So this was not an easy decision to make between PEP 722 and PEP 723, making it hard to be the PEP delegate (and that’s ignoring all of the controversy surrounding me being the delegate to begin with). I think pretty much everyone acknowledged that either solution would be great to have, but neither PEP explicitly stood out as objectively better than the other (I saw plenty of comments along the lines of, “I would accept either,” after expressing a preference). So this took a lot of thought, reflecting, and honestly gut feel, to come to a conclusion.
In the end I have decided to accept PEP 723 with the condition that we are okay introducing the
[run] table to
pyproject.toml (i.e., I don’t want
/// pyproject to have anything that’s invalid in
pyproject.toml; it should at best be a subset of what’s available, not a superset). I’m assuming we are okay with this after our last discussion about how
[project] is really meant for what ends up in wheel files, but since PEP 723 has knock-on effects I want to make sure I’m not misreading the room or get accused of sneaking in a change to
pyproject.toml via this PEP. If @pf_moore wants I can make the call about our general comfort on this topic as well.
So, as for why I went with PEP 723 over 722 (although it was admittedly a tough call), I have a couple of reasons. For any who view them as weak or could have gone the other way, then just assume my gut told gave me the ultimate guidance.
First, I realized you are going to need to learn both formats as neither of them are self-explanatory as to what effects that can have. With either you can probably work out that they are listing dependencies, but neither are self-documenting enough for you to understand that e.g.
pipx run script.py will do something magical with what’s listed inside the file. For me, that weakens PEP 722’s argument of being easier to read if you’re going to have to read up on how to use it appropriately anyway.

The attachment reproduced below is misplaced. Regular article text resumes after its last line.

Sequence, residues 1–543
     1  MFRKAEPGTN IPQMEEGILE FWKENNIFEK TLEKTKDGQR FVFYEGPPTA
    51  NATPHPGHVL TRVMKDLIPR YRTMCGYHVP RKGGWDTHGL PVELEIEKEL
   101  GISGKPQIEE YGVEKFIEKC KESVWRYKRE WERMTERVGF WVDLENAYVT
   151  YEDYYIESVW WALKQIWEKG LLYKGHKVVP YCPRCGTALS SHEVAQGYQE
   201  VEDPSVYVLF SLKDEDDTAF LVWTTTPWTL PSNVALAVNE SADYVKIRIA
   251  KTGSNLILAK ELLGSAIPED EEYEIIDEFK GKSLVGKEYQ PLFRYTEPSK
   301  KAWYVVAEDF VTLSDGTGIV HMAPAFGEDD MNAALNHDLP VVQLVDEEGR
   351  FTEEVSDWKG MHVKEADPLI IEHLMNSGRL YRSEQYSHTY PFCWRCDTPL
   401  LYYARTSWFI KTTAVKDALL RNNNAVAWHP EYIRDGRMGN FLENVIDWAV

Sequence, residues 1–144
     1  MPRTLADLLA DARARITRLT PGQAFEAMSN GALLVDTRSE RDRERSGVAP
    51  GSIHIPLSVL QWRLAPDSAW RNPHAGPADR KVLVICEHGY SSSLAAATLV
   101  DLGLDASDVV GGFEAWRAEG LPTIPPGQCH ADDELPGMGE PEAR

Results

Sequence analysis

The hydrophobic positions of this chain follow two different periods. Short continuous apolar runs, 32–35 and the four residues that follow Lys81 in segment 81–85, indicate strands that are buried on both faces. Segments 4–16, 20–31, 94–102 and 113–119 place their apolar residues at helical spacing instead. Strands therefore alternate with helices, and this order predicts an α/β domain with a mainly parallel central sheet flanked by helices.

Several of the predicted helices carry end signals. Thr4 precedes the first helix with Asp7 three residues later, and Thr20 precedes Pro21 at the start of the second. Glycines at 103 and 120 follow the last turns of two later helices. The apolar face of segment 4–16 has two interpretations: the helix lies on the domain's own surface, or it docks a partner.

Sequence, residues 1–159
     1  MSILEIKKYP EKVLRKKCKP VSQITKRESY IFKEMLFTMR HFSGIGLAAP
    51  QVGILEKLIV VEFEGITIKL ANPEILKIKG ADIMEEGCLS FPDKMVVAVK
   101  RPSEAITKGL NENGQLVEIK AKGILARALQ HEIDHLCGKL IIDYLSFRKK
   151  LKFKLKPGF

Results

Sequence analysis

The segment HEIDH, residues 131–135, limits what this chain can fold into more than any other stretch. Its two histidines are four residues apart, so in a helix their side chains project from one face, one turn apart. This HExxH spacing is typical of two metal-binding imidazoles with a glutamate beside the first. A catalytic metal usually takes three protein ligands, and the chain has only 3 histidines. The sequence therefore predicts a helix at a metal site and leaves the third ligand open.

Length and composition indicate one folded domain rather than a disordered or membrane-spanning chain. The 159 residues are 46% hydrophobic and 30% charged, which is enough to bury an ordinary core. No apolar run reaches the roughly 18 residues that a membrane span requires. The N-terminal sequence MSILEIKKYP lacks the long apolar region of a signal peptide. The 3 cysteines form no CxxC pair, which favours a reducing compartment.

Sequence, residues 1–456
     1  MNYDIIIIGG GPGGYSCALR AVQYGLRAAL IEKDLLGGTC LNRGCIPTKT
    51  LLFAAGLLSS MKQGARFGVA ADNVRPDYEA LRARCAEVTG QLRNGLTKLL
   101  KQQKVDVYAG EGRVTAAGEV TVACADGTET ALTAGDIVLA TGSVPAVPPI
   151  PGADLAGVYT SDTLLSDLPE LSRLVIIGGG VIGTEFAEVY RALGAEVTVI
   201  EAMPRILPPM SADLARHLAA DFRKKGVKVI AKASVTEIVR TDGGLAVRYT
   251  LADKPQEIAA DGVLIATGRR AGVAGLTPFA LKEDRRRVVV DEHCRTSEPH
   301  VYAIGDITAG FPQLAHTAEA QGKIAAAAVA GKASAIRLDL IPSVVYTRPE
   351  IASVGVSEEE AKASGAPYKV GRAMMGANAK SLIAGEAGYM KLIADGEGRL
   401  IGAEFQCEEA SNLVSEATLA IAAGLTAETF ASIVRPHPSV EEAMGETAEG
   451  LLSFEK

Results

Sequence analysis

Second, the user study suggests that learning TOML isn’t that big of a burden. While I fully admit PEP 722 is easier to explain, it seems the delta between the two PEPs is not enough to outright reject PEP 723 for being too burdensome for folks who never go beyond the script-writing stage of Python development.
[run] being in
pyproject.toml, it will help with documentation. Having what PEP 723 provides be what you would put into
pyproject.toml allows for a “doubling up” on documentation and help. Unfortunately with PEP 722, it is a separate thing to learn (e.g., if I was to accept PEP 722 there was going to be a need to add a “requires Python” field, but it would be bespoke to this mechanism, just like how to list dependencies already is; this would continue to be a concern for any other metadata we add in the future). This isn’t a massive burden from PEP 722’s side, but it is a perk.
Fourth, I do appreciate that PEP 723 does help migrate people to
pyproject.toml if that day comes for that user. Admittedly that won’t apply to everyone, but for those that it does it will be a benefit. And assuming my points 1 and 2 are not off, this benefit for those that go as far as a
pyproject.toml will not come at a (great) cost to those who never migrate past PEP 723. Heck, maybe it will even help demystify
pyproject.toml for folks who should actually migrate to that layout anyway since they already did some upfront work.
Fifth, from a tooling perspective, PEP 723 is rather straight-forward:
line.removeprefix("#").removeprefix(" ") to each line you find between the
/// pyproject and
/// markers. Then you simply pass what you have to a TOML parser to tell you if everything is okay. The skew between tools potentially implementing things differently is very much minimized in this regard which will be useful when we have potential tools written in Python, Rust, TypeScript, etc. wanting access to the contained data. Compare this to PEP 722 where you would have to handle comments appropriately, etc. and in a unique, bespoke fashion.
So that’s my reasoning. I think you could have argued in either direction, but thinking long-term (i.e. decades), I think PEP 723 will be the (slightly) better outcome for us. But even if I’m wrong, it luckily won’t be the worst mistake I’ve ever made for Python.
I obviously want to thank both @pf_moore and @ofek for their PEPs and at least attempting to reconcile their differences to avoid needing separate PEPs. And also thanks to everyone who participated constructively in the discussions around these PEPs. Thanks to @courtneywebster for setting up and running a user study on these PEPs, as well as my co-workers listening to me go on and on about this decision. Ditto for my spouse, Andrea, who put up with me talking through this decision with me during our vacation last week.
Regardless of whether your preferred PEP was chosen, hopefully everyone can at least agree that we are getting something that will greatly benefit the community (I for one already have plans on how to use this to hopefully great effect)!